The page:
Breath

I feel like I can take a breath now, at least for another few days. I have room to twist and move under the constant threat of Death.  I can conceive of living beyond June.  This has been true for two weeks, since I received the results of my PET scan, performed five weeks after my first infusion of my current trial protocol.  I guess the forces of Fortune, Life and Good won that particular mini-battle over the Forces of Misfortune, Death and Evil.  That’s right – I actually have good news – good scan results to be specific – for a change.  Are you shocked?  I certainly was.  I don’t remember the last time I had good scan results.  I certainly haven’t had shrinkage in any scan EVER (I disregard one and two millimeter reductions as within the margin of error and, to me, such small reductions are for all intents and purposes, considered stable disease).

Before I get carried away and get your hopes up, technically, the scans were “mixed”, meaning there were areas of growth as well as areas of shrinkage. When Dr. S, tall and gangly in all his academic nerdiness and seriousness, came in and without any agonizing prelude told me my scans were “mixed”, I took that to mean essentially stability.  In the one or two times I’ve had “mixed” scan results, there was a millimeter of shrinkage here and a millimeter of increase here, nothing terribly exciting and essentially neutral.  In truth, neutrality was what Josh and I were thinking would be the best we could hope for.  I’ve come to reluctantly accept that a stable scan is a “good” scan.  But as Dr. S began to elaborate – a lung met previously measuring 1.0 cm x 1.2 cm, is now 0.5 cm x 0.5 cm, one of the two liver lesions has completely resolved and the other one had nearly completely resolved – I interrupted him.  “But these are dramatic reductions!”  There were other dramatic reductions in tumor size and activity level, some by 30% and more.  But then there were also increases, some of them also be 30% and more, but it certainly didn’t seem like there were overall more increases than decreases..  “What do you make of these increases?” I asked Dr. S.  He said, he didn’t know what to make of the increases, that they could be inflamed tumors (a natural response to the immunotherapy), that it was still early days in the trial, and that we should be encouraged that my tumors had indeed responded to the protocol.  “So, this is good?” I prompted Dr. S, afraid to believe.  “Yes, these are really good scan results,” and there was the smile from Dr. S, the barely contained excitement bubbling just underneath the geeky exterior of this consummate scientist who had no doubt seen so much disappointment and yet still found the optimism to go on.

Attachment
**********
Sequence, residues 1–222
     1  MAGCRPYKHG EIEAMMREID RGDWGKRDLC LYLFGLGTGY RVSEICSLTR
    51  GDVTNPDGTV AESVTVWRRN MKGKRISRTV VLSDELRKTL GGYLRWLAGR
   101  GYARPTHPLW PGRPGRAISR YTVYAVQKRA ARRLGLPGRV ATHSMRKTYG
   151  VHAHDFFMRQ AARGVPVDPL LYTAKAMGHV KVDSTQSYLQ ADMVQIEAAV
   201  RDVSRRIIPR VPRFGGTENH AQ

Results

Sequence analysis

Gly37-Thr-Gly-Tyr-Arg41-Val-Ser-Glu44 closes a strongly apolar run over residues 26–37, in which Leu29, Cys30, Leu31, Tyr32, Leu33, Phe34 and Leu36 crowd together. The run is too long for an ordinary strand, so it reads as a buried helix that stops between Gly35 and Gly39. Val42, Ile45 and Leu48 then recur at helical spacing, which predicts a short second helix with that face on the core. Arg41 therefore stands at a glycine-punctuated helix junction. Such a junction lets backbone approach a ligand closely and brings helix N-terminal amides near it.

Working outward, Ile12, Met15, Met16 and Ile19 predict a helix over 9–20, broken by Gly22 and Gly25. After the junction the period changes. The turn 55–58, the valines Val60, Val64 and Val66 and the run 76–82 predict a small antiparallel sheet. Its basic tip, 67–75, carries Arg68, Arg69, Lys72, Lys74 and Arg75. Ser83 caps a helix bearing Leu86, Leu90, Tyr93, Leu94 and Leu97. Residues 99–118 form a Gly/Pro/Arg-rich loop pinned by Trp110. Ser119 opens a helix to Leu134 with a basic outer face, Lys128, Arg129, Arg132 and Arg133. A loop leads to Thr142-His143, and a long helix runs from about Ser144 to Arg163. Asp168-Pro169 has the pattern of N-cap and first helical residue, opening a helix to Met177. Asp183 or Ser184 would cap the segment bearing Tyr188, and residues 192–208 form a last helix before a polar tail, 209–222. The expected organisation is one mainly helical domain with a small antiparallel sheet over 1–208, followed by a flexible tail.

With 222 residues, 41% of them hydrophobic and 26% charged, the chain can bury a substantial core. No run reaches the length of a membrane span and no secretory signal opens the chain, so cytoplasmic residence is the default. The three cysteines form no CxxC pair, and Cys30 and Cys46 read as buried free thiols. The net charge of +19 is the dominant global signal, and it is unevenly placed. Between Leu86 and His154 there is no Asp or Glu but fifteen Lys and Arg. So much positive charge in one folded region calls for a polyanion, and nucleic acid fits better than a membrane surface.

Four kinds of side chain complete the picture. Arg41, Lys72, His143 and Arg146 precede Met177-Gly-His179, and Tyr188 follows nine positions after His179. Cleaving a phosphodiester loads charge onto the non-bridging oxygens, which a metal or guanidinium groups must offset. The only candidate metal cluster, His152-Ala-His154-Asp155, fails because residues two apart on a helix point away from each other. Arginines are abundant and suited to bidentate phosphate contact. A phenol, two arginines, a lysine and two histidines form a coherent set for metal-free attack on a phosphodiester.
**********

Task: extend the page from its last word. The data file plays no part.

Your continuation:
The day I checked into the hospital for the first infusion, the trial nurse asked me extensive questions about my pain level to establish a baseline. I had two distinct areas of pain, but it seemed like every day a new area of pain was popping up.  One was the tumor to the right of my belly button; it burned almost all the time by then.  It was also the site of the biopsy.  So, I knew for certain that it was tumor pain.  The second was around my diaphragm, a sharp pain when I took a deep breath.  Dr. V told me it was likely caused by one of my liver lesions (albeit still relatively small at around two centimeters) pressing against the diaphragm.  I was taking pain pills about once a day or once every other day, and I rated my overall pain to be a 4 on a scale of 1 to 10.  There was pain elsewhere, in my shoulders (which I thought might be referred pain from my liver), lower right abdominal pain, but I could not attribute that pain with certainty to the cancer. Overall, I did not feel well.  The pain had gotten progressively and quickly worse over the preceding few weeks.  My CEA, which I would not know until after the trial started, confirmed this.  A month before the trial started, it was 37.  At diagnosis it was 53.  During most of the last 3.75 years, it has hovered in the teens and 20s.  The day I started the trial, it was 87.7.